Dancing in the aisles at the Musical Matinee Club

“If it wasn’t for you, I wouldn’t leave the house.”

This was one of the compliments paid to Suzy Harvey, host of the Musical Matinee Club screenings series at the De La Warr Pavilion, by one of its regular visitors.

Dancing at the De La Warr Pavilion

A dance interval at the De La Warr Pavilion

Such is the value and escapism that the season at the Bexhill-On-Sea venue provides to so many who attend, including those with dementia, learning disabilities and their carers.

Image of Suzy Harvey doing team briefing

Suzy Harvey briefs the team before the screening

It’s easy to see why the regulars react so warmly to Suzy (pictured, sporting fake beard!). With many years’ experience of working with people living with dementia and care providers, and as a Giggle Doctor on a children’s ward, her energy and enthusiasm for the screenings rings out. She uses her skills to engage the audience with this particular set of  enhanced relaxed* film screenings,  encouraging reminiscence and laughter through the use of props and interaction.

Produced in partnership with Bexhill Dementia Action Alliance, and part-sponsored by Film Hub South East, the season features specially selected films that always include great songs, fun props and prompts to bring the action on screen to life in the auditorium.

Goody bags for all

My visit earlier this month was to see Seven Brides for Seven Brothers, (and coming next is Mamma Mia, and High Society).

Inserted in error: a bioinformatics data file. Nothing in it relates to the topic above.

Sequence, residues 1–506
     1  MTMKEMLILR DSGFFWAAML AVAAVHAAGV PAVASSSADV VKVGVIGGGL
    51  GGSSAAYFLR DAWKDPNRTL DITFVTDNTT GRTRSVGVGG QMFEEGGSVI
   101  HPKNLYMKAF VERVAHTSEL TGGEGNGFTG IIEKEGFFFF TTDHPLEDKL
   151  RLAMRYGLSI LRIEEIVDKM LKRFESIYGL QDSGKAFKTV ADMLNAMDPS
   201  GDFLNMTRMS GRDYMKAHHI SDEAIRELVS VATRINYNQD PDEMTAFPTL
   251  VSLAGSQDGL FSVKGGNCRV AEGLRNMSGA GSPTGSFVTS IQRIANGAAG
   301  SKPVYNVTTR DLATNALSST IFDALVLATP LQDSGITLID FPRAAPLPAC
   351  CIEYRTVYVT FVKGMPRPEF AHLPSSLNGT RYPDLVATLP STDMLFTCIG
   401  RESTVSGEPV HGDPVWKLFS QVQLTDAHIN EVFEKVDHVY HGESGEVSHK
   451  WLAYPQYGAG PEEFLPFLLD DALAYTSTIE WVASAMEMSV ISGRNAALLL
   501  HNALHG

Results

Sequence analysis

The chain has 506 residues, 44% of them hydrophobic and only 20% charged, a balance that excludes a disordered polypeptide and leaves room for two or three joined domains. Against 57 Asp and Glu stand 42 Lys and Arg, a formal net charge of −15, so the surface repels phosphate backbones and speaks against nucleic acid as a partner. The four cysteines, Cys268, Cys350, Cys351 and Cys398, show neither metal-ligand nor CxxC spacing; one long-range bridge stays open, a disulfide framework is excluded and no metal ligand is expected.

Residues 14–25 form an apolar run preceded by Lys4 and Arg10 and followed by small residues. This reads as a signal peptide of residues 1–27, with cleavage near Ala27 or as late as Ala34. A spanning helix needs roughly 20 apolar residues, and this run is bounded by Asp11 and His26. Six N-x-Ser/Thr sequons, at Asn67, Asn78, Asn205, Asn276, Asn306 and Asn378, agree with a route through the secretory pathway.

Props list for film

Contents of the Seven Brides for Seven Brothers props bag

Each audience member receives a goody bag of props connected with the film to use during the screening. For this film it contained a fake beard, to use to illustrate the brothers’ facial hair, plus other items to encourage interaction during the film – including coffee cups to bang together to mark when horses were galloping on the screen, and cotton wool balls to throw at each other as an impromptu “snowball fight” in the auditorium, to mimic the action onscreen.

During the interval, the audience is encouraged to stand up and dance to some music for a few minutes, something which many seemed to really relish.

Feedback from the events, both informally and from the audience surveys, is glowing. It’s easy to see why. I spoke to both Suzy Harvey and Ashley McCormick, Head of Learning and Participation at the De La Warr, about their experience of putting on the series of events, and they admit that the work involved in preparing the events is rigorous, but they both agreed it was well worth it.

A gift for your ears

You can hear more about how Suzy and Ashley and their colleagues put the Musical Matinee Club season together, including practical information about costings, marketing, briefing and training volunteers, and working in partnership with local organisations, on our forthcoming Film Hub South East podcast, Film Hubbub. Watch this space!

* Relaxed screenings are specifically designed to welcome people who may benefit from a more informal environment, including with those living with dementia and disabilities. Auditorium lights will be partially up throughout, there’s a relaxed attitude to noise, audience members are free to move around and come and go whenever they like. There is a quiet area in the Auditorium Foyer for anyone who needs a break during the screening.  Staff and volunteers have attended “Dementia Friends” awareness sessions, and will sensitively and respectfully welcome people living with dementia and their carers.